The Delta flight was leaving on time. Three of us were strapped in, one next to the other, each finding it easy to make small talk. As the plane lifted off, so did our burdens of office work. We were off to Glorietta, New Mexico, for a week-long conference, and our minds were filled with thoughts of mountains and crisp air and a break from the Atlanta downtown routine.
“So, Sarah,” my aisle-seat colleague said in that chatty manner of a tourist on vacation, “tell me what it was like growing up in Israel.”
Of all conversation openers, this was my least favourite. I’d been hearing it ever since moving to the States to begin my university studies. But, being in the middle seat, I couldn’t escape.
My desire was to respond, “No, you first. Tell me what it was like growing up in a ranch-style house in suburbia.” What was there to say? And who cares anyway?
But I did answer . . . well, sort of. “It was great,” was the extent of my glib answer.
“No, I mean it, really,” she insisted. “What is the culture like over there?”
By the window sat Aida from Lebanon. She’d been in the States eight years and was much more of an expert on Middle Eastern culture than I was. But at the moment Aida seemed to be fascinated by the window. So I took up the challenge.
“Well, I grew up in a variety of cultures. The Jewish and Arab cultures are vastly different.”
“How so?” she asked.
“In the Jewish culture you say what you think. It’s direct, and you know where you stand with people.”
I glanced at her to see if she was still with me. She was, so I continued.
“The Arab culture, on the other hand, is much more indirect. It’s all about friendliness and politeness. If offered a cup of coffee, I say ‘No, thank you.’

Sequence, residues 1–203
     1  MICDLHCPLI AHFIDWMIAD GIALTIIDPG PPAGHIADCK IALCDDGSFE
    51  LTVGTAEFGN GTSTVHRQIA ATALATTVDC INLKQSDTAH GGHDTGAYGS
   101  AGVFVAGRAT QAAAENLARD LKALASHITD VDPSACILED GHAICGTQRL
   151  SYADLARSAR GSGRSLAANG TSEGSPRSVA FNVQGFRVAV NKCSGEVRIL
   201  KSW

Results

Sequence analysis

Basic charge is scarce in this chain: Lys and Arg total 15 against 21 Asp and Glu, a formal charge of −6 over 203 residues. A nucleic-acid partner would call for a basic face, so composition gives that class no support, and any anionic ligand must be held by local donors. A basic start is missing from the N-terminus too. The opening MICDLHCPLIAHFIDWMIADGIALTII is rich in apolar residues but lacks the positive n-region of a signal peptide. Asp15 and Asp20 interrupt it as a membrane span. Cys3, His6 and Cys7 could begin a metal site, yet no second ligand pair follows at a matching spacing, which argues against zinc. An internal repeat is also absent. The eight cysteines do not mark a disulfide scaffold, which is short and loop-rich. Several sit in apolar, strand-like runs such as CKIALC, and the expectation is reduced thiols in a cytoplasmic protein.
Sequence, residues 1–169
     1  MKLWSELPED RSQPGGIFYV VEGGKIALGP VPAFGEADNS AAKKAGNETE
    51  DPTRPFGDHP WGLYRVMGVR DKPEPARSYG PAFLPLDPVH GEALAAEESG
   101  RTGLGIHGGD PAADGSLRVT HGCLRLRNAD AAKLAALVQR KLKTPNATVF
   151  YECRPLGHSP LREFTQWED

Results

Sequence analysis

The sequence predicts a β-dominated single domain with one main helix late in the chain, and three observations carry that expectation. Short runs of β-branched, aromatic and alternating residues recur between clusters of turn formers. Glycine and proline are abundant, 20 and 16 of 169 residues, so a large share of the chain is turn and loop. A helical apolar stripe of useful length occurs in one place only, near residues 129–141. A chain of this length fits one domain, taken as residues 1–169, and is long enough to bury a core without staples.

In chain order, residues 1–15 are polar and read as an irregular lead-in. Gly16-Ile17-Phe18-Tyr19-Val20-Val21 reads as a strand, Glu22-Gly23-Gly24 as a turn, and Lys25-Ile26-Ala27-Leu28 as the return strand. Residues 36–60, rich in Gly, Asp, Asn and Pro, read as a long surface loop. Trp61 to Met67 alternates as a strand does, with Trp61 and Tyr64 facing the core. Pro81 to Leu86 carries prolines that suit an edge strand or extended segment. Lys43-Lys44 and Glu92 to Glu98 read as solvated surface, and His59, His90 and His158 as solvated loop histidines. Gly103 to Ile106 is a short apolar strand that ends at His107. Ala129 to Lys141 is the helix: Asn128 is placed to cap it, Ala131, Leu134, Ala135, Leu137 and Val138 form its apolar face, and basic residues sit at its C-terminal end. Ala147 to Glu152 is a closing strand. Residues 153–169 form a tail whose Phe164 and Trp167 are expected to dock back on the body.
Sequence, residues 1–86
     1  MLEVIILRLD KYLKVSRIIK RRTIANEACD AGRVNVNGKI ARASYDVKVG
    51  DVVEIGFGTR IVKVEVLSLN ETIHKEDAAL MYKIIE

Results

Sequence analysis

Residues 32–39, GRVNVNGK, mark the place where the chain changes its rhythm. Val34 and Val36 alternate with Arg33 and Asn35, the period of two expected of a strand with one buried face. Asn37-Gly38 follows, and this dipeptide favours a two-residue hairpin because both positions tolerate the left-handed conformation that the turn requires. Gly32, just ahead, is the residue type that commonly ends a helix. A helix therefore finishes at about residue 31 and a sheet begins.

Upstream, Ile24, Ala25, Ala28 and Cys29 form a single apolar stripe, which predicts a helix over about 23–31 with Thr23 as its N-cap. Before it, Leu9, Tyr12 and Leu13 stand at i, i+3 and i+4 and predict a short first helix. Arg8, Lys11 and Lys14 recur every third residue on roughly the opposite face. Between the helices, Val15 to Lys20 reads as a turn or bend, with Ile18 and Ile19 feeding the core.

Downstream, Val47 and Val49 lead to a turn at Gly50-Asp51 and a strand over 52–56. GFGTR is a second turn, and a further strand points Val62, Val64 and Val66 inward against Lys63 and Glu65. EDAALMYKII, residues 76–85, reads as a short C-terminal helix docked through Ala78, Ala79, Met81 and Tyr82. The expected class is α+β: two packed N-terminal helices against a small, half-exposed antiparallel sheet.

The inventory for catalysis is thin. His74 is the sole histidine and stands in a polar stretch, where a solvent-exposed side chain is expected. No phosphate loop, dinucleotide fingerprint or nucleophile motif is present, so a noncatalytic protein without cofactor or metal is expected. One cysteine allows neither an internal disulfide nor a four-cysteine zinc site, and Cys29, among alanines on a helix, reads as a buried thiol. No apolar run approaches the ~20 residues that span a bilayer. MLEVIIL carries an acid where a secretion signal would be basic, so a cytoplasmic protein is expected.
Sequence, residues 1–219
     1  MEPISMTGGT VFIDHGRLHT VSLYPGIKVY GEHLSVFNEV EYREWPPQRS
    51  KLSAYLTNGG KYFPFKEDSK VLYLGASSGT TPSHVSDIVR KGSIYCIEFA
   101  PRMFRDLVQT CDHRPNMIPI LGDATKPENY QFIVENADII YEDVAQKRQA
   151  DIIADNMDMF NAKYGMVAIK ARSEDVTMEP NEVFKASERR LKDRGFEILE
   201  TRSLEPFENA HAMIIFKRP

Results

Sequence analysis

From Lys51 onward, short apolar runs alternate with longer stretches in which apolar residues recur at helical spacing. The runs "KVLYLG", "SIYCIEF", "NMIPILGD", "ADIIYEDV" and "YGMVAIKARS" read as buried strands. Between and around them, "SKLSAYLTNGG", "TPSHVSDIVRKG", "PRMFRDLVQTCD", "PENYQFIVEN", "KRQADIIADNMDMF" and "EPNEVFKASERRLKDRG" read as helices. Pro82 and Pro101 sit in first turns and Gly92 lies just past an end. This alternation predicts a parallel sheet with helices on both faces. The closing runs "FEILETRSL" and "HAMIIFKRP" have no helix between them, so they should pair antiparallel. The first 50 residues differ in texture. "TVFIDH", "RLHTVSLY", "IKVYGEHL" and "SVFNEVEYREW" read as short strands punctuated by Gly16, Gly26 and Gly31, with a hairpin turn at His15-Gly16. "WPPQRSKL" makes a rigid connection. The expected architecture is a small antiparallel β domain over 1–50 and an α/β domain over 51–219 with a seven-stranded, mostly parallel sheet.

“The host offers it again, and I decline again, with something like: ‘No, no, don’t bother yourself.’ He might offer a third time, and I’d reply, ‘No, I really don’t want any coffee, believe me.’
“Then my host serves the coffee, and I drink it.”
“You’ve got to be kidding,” she said, incredulously.
“No, really,” I assured her. “You’re supposed to refuse the first few times. It’s the polite thing to do.”
“Then what if you really don’t want the coffee?” she asked.
“Well, there are idioms that you can use to say that you wouldn’t for any reason refuse their kind hospitality, and at some point in the future you’ll gladly join them in coffee, but at the moment you really can’t drink it.”
Now Aida got into the conversation. “Incredible! I didn’t know that!” she said, as our heads turned her way.
“Aida,” I replied, “what do you mean that you didn’t know that? You’re Lebanese, for heaven’s sake.”
“Yes,” she said, “but I mean that I didn’t know this was not normal. I’ve been in the United States eight years already, and did not know it was done differently here. That explains so much.
“I’ve been lonely since moving here, and now I know why. When people in the office would ask me if I wanted to go to lunch, I would say ‘no’ to be polite, fully expecting them to ask me again. When they didn’t and left without me, I thought they didn’t want me along and had asked only out of politeness. In my culture, it would have been too forward to say ‘yes’ the first time.
“For this reason, I’ve had few American friends. After all these years, now I know why.”
I sat there stunned. Pondering the sadness of her story, I said to myself, “No one should have to suffer like that simply because they don’t understand the culture of another.”
For the Aidas around the world, I have written this book.
Sarah A Lanier
This is the preface to Foreign to Familiar, which I referred to in a previous post. © 2000 by Sarah A Lanier. Used with permission.
The English book is published by McDougal Publishing of Hagerstown, Maryland. ISBN 1-58158-022-3
Editions in Arabic, French, German, Korean, Norwegian, Russian and Spanish are available from the writer at the following address:
Sarah A Lanier
P.O. Box 874Clarkesville GA 30523